We Are Doing It On A Very Narrow Margin ....

After a quiet day on 22 January 1911, Scott and company awoke on 23 January 1911 to find unusually warm weather running out the sea ice on which they had planned to travel from Ross Island's Cape Evans to the massive and stable Ross Ice Shelf. The journey in question was to be the fall 1911 depot laying adventure, during which they would scout the early parts of the polar route and leave tons of supplies behind in depots for use in the 1911-12 assault on the pole the following December and January. But with the sea ice weakening there was a sudden and alarming risk that they wouldn't get away from Cape Evans. As it was, a mad dash to get the depot party off was necessary - what Scott called a "wonderful day's work." (Journals, p. 103, Carroll & Graf [1996]).

With that effort the depot team got across the ice on 24 January 1911, only a day ahead of the melt. Apsley Cherry-Garrard, whose breathtaking account of the expedition (entitled "The Worst Journey in the World") first introduced me to polar literature and the drama of Scott's 1911-12 expedition, described the rush to get away as "a state of hurry bordering on panic." (Apsley Cherry-Garrard, The Worst Journey in the World, p. 107, Carroll & Graf [1989]). The horse teams were led on the precarious road across the sea ice while Scott and others tracked their progress from the Terra Nova, itself making hard for a rendezvous at the Ross Ice Shelf and carrying supplies and gear. Cracks 30 feet wide were yawning along the sea ice "road." With ponies falling through the ice up to their chests, Scott still insisted that he would withhold his opinion of the dogs, questioning their potential for success. But the ponies, he stubbornly recorded, "are going to be real good." (Journals, p. 106, Carroll & Graf [1996]). The rest of Scott's journal entry for the day contains a long list of the more than five tons of supplies the depot team would be handling. As he made no entry on 25 January 1911, I'll take the time tomorrow to report on that invoice.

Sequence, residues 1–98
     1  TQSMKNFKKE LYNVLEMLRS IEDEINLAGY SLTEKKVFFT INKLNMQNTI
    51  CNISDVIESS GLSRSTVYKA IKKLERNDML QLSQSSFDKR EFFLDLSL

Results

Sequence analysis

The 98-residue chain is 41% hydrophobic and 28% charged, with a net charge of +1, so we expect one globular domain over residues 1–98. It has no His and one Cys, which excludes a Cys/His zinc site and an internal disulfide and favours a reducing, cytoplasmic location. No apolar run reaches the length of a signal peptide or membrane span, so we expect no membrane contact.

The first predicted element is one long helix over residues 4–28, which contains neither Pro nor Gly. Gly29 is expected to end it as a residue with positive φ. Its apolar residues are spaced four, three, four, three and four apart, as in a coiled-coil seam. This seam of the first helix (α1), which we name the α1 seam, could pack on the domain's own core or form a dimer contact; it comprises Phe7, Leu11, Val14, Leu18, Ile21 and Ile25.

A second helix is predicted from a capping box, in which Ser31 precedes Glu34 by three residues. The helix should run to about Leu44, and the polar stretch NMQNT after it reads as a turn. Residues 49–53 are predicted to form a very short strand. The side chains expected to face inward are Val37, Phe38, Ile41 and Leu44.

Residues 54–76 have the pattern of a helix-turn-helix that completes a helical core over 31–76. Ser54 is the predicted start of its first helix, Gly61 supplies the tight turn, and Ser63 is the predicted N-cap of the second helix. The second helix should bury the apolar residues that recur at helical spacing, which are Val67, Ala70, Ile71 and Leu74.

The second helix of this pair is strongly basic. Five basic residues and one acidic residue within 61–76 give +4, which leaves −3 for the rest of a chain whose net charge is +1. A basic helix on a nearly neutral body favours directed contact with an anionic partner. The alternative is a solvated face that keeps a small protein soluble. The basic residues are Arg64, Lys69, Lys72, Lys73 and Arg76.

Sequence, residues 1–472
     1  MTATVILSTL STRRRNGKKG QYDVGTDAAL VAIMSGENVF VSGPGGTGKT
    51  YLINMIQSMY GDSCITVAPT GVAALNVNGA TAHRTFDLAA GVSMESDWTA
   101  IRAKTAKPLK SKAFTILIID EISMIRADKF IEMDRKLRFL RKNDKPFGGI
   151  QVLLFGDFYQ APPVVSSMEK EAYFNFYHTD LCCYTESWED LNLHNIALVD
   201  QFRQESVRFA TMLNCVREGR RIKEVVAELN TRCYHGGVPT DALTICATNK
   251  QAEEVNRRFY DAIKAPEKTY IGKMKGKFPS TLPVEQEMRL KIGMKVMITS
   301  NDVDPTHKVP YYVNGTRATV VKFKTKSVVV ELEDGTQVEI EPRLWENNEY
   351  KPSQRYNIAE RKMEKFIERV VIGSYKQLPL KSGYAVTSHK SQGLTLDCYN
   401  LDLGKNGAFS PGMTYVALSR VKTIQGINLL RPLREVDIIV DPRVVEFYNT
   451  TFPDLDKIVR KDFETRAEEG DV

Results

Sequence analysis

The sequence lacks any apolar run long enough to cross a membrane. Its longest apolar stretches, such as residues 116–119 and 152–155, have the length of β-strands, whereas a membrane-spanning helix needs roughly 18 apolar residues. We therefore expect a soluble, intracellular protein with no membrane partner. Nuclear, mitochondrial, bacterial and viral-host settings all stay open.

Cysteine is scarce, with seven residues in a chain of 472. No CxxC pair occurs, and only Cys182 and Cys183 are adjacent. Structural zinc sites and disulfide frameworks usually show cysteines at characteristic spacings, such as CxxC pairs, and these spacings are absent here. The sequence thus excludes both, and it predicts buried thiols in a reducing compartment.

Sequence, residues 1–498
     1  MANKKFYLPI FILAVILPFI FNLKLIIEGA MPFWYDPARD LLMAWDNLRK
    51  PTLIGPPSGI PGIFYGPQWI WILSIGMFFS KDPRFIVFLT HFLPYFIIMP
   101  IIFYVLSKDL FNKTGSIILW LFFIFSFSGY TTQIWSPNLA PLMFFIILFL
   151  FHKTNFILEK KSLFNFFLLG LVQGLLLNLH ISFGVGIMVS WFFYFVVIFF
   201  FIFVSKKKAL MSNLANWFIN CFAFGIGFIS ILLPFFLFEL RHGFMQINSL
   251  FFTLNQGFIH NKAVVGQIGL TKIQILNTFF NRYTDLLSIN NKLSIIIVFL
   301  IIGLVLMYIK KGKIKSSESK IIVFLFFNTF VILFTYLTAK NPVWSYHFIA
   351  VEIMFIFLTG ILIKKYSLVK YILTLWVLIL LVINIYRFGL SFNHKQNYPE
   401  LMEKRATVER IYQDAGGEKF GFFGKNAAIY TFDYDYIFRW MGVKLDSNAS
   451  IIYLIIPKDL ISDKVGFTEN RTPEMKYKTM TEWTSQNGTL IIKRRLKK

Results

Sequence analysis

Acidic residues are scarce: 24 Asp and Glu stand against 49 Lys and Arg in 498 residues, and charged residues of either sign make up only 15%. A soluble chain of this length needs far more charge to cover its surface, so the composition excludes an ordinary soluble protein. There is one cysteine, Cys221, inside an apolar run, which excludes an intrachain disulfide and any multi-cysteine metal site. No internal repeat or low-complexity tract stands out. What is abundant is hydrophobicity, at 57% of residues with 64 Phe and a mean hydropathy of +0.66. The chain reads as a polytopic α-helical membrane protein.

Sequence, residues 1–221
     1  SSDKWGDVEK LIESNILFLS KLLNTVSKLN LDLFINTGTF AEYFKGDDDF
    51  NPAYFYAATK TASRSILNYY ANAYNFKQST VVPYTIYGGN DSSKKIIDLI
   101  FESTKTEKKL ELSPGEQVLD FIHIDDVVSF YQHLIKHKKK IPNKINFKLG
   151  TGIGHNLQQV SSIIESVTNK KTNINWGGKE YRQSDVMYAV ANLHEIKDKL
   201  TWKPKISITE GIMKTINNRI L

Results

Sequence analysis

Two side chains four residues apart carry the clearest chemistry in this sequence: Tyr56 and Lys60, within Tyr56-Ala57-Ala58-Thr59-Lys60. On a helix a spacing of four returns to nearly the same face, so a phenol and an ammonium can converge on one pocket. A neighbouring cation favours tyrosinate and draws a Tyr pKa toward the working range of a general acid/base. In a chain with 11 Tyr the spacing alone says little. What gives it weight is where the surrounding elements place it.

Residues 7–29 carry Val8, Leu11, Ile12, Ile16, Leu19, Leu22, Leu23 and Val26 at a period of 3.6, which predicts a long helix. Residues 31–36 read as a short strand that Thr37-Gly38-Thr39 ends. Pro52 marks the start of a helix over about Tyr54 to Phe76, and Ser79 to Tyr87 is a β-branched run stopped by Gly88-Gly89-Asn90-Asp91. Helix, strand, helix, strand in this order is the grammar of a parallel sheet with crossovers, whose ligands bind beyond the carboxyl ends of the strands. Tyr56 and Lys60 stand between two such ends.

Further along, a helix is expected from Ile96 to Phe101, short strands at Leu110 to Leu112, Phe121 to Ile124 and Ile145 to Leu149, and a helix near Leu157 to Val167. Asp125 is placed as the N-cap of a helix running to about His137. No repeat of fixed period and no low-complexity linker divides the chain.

But Cherry-Garrard reported that the company did more than 10 miles of sledging that day, setting up their "inexperienced camp" not far from Hut Point, the base of the 1902-03 Shackleton expedition. (Apsley Cherry-Garrard, The Worst Journey in the World, p. 109, Carroll & Graf [1989]).
Photo: Ponting Portrait of Cherry-Garrard.